So later that afternoon, when the kids started bugging me for crayons, I decided to give it a shot. We have a kitchen timer, shaped like a chicken, that the kids are really fond of.

I got the art supplies, slapped down the chicken, and told them:

“Okay, here are the rules:

  1. I’m setting this chicken timer for 30 minutes. You have to color for the entire time.
  2. You have to color at the art table, because that’s where we color. So, no getting up and leaving the table.
  3. When the chicken timer is up, you clean up the art supplies.”

And then I backed away to watch.



They did NOT leave the table

When the timer went off, they started shouting, “CLEAN UP TIME!” and scrambled to pick up all their toys, without stopping once, then slapped the lids back on the boxes.


Was it a fluke? I tried again with Legos, this time for forty minutes, during which they couldn’t leave the Lego area (which happens to be the living room).

And it WORKED!

They played with Legos for a full FORTY minutes before scrambling to pick them all up without whining about it once.

“I’m the most effective authority in this house”

I went on to use this method a few times a day for an entire week, and it worked every time.

I got so much done. I even had space to knock out lower-priority projects, like reorganizing cabinets (which doesn’t sound that exciting but nevertheless marks the moment when adult order returned to our house).

I’m still not sure why this particular combination was effective, since I’d tried every element of it before (apart from the chicken timer), but it was miraculous. Something about timer + play-area limits + cleaning up when the timer goes off = MAGIC.

And I had to share it, in case it helps other struggling parents.






Sly Like a Fox: How An Alpha Dad Conquered the World of Fairy Farts

I really don’t think we give dads enough credit for parenting prowess.

dadOf course I’m talking generalities here, but just look at all those comedy films about inept fathers tragically left to watch the kids… all by themselves. The poor fools always end up fumbling the job, pouring waffle batter into the toaster oven while an ominous mountain of bubbles creep out of the laundry room.

And I’ll admit to occasionally gritting my teeth when catching my husband John swinging our kids around by their ankles. Watch her HEAD, I silently scream while every muscle in my body clenches. Do you have ANY IDEA how long it took me to MAKE THAT?

Except the kids are in hysterics and he hasn’t brained them once. Children are full of all these weird qualities, like boundless energy and endless optimism, and probably need to be occasionally swung around the room at breakneck speed. Maybe dads are just reckless enough to make it happen.

But a questionable regard for safety isn’t the only great thing dads bring to the table, they can also cut straight through all the Attachment Parenting BS with truly impressive Alpha displays.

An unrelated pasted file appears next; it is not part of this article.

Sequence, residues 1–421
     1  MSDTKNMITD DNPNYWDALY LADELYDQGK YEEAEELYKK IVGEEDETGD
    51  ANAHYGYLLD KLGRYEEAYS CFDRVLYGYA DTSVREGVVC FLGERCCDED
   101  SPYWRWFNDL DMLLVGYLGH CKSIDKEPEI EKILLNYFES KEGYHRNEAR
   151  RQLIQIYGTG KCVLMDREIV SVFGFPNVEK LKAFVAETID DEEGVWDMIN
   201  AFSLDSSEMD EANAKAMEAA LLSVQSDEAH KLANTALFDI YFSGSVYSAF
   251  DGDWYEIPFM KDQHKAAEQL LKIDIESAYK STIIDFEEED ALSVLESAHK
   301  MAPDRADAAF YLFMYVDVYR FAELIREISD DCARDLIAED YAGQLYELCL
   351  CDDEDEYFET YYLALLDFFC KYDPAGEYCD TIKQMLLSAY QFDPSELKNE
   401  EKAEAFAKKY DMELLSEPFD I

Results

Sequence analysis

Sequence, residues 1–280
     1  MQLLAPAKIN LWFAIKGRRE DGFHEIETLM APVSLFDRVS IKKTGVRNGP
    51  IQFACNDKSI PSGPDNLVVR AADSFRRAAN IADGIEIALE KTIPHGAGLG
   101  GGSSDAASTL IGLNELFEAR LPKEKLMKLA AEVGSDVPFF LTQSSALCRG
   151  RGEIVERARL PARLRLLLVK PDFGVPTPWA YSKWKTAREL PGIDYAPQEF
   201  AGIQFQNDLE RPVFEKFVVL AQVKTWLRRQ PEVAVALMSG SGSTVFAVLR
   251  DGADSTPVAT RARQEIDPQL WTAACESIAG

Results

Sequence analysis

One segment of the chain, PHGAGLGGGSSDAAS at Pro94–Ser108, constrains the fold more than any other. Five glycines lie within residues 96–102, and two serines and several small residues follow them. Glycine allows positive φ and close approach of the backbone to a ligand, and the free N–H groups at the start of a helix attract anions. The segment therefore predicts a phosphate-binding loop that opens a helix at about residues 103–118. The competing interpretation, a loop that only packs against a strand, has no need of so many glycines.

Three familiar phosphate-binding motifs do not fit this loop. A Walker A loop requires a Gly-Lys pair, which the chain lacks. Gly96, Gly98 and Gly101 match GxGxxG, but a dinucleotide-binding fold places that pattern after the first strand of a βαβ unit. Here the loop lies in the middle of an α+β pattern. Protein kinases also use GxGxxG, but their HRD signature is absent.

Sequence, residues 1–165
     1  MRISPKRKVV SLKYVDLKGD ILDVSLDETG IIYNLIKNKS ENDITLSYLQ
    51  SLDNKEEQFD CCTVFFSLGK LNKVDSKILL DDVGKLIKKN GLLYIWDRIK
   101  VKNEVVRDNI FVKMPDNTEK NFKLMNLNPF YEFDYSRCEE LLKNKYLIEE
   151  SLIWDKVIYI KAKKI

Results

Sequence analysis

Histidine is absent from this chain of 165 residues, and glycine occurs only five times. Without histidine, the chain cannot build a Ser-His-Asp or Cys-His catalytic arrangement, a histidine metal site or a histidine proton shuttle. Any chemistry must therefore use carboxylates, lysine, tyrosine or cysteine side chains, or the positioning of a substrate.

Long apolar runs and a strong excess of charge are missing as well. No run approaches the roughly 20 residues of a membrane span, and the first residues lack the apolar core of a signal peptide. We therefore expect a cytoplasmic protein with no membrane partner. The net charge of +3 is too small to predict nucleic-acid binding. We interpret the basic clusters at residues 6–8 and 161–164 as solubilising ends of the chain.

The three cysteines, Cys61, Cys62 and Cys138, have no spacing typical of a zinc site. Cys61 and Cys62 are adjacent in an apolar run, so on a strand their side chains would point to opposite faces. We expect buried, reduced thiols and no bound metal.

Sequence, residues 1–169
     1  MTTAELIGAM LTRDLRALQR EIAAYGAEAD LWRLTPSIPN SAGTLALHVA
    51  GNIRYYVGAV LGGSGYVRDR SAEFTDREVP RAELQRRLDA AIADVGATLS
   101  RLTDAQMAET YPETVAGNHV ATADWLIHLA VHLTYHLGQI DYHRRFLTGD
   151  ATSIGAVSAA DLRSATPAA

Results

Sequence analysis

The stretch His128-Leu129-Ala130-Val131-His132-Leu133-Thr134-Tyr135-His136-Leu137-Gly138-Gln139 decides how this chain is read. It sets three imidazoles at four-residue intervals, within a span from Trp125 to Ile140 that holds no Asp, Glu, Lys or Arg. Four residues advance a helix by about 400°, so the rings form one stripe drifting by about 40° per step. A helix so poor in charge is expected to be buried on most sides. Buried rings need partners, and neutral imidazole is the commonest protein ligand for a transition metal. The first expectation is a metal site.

legofootFor example, now that our kids are almost 3 and 5, I’ve decided it’s high time they start cleaning up after themselves. I’m tired of exploding Legos and My Little Ponies covering every inch of our house.

However, this has been a painful, months-long struggle, each victory measured in inches like the battles of WWI. Between consistent instruction, patient explanations and occasional timeouts, I’ve managed to move the kids from screaming “NO!” while running in sideways floor circles, to spending an hour logrolling across the carpet to spit single Legos back into their boxes, to finally cleaning up their messes after only being reminded several times.

And then this weekend, I watched John using the oddest approach to enlist our kids into cleaning the house…

It went like this:

John grabs our 4-year-old daughter Brontë, handing her a garbage bag then taking her outside to point out all the pink dog-bed fluff-balls that our lunatic dog had been shredding across the yard

John: Alright kid, your job is PICKING UP ALL OF THESE FAIRY FARTS!

Brontë: But I don’t… I’m scared to…


Brontë: Well, I don’t wanna…

John: Quit being such a PRINCESS, because being a princess only makes MORE FAIRIES COME FART IN OUR YARD.

Brontë: I’ve got…


And what do you know, but it worked. She started laughing uncontrollably while gathering pink fluff-balls.

So there’s something to be said for unconventional dad methods. Our house is now completely fairy-fart free.














Children’s Toys Are Creepy

I can see your soul
“I can see your soul”

Having kids is a wonderful thing, but it’s exhausting. Also, the grass is green and the sky is blue.

The power drain of childcare, though, is hard to fully appreciate until you’ve done it yourself.  Sitcoms aren’t a good substitute.

Beyond the physical demands, constantly being alert mentally wears you down. You are always having to make sure no one jumps off the second story or crams something into an electric socket.

And the questions… so many questions. I used to hear about parents getting frustrated by kids asking questions to which they didn’t know the answer, but never understood their grief until now.